We selected the guidelines by establishing the following four inclusion criteria first, the target group-included adult primary aldosteronism patients; second, the guidelines referred to the diagnosis and/or therapy of primary aldosteronism; third, the full text of the guidelines was available online; and fourth, the guidelines are available in English. The following five exclusion criteria were applied first, the guidelines concentrated on the management of hypertension, hypokalemia or adrenal incidentaloma but did not address primary aldosteronism in detail; second, the guidelines focused entirely on other forms of hypertension or special groups, such as pulmonary hypertension, renovascular hypertension, diabetes, stroke, pregnant women or children; third, the guidelines failed to meet the definition of a guideline; fourth, the guidelines did not present original recommendations; and fifth, the older version of guidelines would be excluded if a later edition was available.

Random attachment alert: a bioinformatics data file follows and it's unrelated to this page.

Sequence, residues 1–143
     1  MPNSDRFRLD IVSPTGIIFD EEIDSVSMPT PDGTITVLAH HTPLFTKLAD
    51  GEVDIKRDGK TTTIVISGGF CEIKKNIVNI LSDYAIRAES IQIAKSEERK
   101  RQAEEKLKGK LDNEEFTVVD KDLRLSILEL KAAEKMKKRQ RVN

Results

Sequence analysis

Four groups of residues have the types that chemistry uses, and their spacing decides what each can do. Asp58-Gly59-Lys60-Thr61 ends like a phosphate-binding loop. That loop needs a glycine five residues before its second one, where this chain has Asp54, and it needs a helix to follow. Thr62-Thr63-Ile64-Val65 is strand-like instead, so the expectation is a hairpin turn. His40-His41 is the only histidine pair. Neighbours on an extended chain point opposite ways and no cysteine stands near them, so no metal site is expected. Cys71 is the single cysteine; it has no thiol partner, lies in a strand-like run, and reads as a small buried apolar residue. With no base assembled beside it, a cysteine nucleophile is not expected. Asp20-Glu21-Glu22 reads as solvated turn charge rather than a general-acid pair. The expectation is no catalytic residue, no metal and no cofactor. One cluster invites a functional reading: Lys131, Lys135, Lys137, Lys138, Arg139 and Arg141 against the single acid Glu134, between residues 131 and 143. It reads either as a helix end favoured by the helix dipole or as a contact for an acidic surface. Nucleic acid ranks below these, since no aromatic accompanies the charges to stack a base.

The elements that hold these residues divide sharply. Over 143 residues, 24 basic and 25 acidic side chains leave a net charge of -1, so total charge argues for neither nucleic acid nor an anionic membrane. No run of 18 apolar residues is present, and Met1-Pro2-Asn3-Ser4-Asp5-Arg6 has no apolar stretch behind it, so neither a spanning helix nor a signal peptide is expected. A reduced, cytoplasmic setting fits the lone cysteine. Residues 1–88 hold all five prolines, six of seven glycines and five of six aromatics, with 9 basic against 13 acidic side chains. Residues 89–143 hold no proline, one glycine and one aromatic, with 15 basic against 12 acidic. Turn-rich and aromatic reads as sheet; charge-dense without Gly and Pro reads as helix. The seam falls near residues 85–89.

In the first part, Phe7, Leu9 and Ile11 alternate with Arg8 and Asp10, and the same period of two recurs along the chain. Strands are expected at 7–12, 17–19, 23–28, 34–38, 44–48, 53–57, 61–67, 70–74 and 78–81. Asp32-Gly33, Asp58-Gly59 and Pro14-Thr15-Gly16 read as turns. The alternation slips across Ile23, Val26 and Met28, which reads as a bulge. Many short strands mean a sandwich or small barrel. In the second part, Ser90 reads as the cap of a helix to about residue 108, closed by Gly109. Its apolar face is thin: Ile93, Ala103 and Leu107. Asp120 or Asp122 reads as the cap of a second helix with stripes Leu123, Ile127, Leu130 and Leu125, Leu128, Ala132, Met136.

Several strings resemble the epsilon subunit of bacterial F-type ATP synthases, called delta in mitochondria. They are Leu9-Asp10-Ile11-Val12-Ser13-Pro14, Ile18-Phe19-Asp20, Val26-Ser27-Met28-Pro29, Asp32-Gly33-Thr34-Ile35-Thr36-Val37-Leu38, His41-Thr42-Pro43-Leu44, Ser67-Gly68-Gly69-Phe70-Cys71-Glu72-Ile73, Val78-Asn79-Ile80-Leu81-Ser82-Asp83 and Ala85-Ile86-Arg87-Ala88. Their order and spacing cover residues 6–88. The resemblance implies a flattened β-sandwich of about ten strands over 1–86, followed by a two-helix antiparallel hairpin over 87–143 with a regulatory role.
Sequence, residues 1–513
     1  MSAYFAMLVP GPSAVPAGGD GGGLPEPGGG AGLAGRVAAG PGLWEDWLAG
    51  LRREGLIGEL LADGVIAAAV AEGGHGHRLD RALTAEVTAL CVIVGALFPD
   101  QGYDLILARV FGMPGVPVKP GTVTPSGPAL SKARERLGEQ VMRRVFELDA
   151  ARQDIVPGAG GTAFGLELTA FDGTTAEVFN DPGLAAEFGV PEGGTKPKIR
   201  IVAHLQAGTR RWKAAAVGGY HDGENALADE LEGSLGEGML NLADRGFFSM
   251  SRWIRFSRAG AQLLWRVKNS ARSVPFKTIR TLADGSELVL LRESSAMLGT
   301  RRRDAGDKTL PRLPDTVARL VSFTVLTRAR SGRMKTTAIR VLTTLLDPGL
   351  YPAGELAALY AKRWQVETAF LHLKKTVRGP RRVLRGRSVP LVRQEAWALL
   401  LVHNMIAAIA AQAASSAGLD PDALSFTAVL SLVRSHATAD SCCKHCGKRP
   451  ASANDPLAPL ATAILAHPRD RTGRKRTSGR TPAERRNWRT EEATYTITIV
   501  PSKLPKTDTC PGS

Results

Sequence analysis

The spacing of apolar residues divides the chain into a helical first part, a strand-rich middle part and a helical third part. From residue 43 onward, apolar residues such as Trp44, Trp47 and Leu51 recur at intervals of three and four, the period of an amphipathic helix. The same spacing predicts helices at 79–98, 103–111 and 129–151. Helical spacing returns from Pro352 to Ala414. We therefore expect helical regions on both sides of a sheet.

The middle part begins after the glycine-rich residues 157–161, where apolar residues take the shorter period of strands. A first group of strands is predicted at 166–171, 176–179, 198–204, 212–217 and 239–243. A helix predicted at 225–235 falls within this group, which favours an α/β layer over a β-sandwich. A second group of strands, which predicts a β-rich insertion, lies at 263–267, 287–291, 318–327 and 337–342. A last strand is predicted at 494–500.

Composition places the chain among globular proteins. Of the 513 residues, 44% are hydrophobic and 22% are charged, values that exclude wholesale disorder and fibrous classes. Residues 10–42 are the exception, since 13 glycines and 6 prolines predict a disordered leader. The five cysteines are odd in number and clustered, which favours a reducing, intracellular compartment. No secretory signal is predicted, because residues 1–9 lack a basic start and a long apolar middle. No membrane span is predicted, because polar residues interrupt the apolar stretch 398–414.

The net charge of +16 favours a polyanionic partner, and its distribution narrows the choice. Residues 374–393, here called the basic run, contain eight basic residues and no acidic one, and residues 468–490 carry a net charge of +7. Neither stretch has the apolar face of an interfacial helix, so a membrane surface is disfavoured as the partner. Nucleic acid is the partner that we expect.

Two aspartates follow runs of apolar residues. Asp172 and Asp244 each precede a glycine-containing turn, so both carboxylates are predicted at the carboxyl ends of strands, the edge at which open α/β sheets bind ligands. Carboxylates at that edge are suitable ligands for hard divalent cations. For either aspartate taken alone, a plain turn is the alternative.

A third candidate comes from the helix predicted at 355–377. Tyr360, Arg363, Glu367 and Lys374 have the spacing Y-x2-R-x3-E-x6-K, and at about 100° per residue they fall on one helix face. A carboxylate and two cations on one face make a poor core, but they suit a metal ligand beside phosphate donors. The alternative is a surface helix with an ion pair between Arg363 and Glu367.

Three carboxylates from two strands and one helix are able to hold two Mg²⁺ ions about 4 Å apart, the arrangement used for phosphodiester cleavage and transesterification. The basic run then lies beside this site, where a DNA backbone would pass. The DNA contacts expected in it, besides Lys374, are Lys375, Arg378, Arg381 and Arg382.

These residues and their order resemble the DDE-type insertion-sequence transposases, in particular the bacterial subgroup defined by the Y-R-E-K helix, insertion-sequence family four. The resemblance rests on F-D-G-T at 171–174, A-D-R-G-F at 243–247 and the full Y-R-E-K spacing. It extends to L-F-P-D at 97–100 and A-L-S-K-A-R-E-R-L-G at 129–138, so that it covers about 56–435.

Data collection and extraction from the guidelines

Two reviewers (J.L and J.Z) independently compiled the CPGs’ characteristics in detail from the guidelines. The compiled data included the following: the guideline organization, country or region, publication date, guideline panel composition, target users, methods for searching for the evidence, strategy for grading the evidence, guideline review and the funding source. In addition, the two reviewers (W.J.L and W.Q.T) compiled the recommendations pertaining to the primary aldosteronism screening, confirmatory and subtype classification tests and primary aldosteronism management. Because each guideline used different measurement units, we used the following units consistently: the plasma aldosterone/renin ratio (ARR) was expressed as ng/dl/ng/ml/h, the plasma aldosterone concentration (PAC) was expressed as pmol/l, the urinary aldosterone was expressed as nmol/24 h, and the urinary Na was expressed as mmol/24 h.

Quality assessment of the guidelines